Pathmaker Intern Views Health Condition as a Platform, Not a Pit


There’s been a lot of attention given lately, due to the college admissions bribery scandal, to kids who use built-in advantages to gain admission to elite universities. In contrast, the Pathmaker Internship Program at Palomar Health has been mentoring a disadvantaged young adult who was recently admitted to the USC Sol Price School of Public Policy with a $100,000 merit scholarship despite living with a severe genetic condition, Hunter Syndrome, which has required many surgeries and weekly Enzyme replacement therapy.

Hunter Syndrome affects 1 in 150,000 male births and causes abnormalities in the skeleton, heart and respiratory system. Kyle fortunately has an attenuated form that does not affect his brain but it has caused him to develop differently than his peers.

Rather than lament his condition, Kyle says he focuses on what he can do, not what he can’t do. He says Hunter’s has given him opportunities and a platform that he might not have otherwise and allows him to reach people in unique ways.

Kyle says he became interested in the field of healthcare at the age of 10 as a result of spending so much time receiving treatment. After graduating from University City High School, Kyle pursued his two passions, healthcare and business, while attending UCSD. At UCSD, Kyle was admitted to Palomar Health’s Pathmaker Internship Program. Although most interns follow a clinical path, Kyle has followed an administrative path working in business development, marketing and now human resources. Kyle says he chose a management path at Pathmaker’s because he wants to affect healthcare change on a systematic level.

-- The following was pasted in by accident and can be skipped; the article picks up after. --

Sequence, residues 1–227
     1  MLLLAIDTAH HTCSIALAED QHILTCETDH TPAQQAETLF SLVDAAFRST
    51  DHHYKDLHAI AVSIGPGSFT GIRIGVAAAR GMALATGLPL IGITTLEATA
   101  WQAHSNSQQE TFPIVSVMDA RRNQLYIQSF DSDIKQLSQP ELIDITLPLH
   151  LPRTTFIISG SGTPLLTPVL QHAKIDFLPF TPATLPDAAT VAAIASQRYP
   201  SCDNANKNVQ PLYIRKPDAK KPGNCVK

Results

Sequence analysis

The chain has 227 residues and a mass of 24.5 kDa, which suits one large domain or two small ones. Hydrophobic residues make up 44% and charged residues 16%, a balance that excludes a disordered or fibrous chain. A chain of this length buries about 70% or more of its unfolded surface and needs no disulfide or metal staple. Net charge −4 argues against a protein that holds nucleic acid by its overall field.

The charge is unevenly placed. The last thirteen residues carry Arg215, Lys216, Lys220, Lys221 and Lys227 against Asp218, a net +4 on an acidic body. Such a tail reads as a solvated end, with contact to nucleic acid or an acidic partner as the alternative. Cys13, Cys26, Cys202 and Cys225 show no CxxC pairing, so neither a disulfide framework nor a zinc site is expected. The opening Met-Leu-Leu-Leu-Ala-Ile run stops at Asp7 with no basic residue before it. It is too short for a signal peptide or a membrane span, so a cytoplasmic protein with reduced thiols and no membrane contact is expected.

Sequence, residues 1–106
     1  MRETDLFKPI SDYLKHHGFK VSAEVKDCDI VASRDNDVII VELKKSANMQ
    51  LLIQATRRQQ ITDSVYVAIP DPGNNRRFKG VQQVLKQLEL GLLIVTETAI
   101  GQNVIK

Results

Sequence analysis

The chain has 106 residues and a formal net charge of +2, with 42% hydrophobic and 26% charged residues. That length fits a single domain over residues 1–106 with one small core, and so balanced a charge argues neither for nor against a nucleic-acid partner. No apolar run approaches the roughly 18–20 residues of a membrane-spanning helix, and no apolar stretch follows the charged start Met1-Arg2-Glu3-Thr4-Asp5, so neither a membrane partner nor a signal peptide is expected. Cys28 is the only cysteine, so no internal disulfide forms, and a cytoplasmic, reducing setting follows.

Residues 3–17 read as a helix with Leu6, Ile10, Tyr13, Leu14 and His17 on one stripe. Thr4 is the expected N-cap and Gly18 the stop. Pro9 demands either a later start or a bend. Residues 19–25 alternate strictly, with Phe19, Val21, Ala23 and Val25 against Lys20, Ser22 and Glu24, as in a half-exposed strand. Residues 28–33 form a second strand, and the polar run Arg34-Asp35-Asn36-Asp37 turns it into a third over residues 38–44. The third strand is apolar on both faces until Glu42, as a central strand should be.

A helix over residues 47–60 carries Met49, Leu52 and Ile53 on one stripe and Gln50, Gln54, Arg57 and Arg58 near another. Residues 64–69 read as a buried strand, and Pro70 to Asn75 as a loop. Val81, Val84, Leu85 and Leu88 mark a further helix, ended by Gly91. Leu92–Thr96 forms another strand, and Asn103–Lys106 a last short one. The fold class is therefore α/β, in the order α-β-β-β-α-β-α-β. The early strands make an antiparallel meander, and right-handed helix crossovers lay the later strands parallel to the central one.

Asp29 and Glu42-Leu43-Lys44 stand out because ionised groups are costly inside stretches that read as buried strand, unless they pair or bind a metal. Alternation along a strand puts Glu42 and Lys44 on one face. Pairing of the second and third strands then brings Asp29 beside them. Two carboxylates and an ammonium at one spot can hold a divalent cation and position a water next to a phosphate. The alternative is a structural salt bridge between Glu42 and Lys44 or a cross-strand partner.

Kyle believes as a person who has experienced health care delivery on many levels, he has a unique insight into how the system can be improved and healthcare delivery can be more patient-centric.

His passion for business developed as he helped his father with the family flooring business growing up. Kyle says his best asset was helping with marketing.

When it came time to choose a graduate school program, Kyle’s mentor, Tri-City Medical Center’s Chief External Affairs Officer Aaron Byzak helped Kyle decide to apply to the country’s top healthcare graduate programs. He was admitted to the University of Michigan, University of Minnesota, Cornell, Yale and USC, ultimately choosing USC recently.

Kyle will soon be leaving the Pathmaker Internship Program as he will be graduating with a B.S. in Public Health and a minor in Business from UCSD on June 15.

Congratulations Kyle!

Photo caption: Kyle Underwood is leveraging his experience as a Palomar Health Pathmaker intern to prepare for what he hopes is a future in healthcare leadership.

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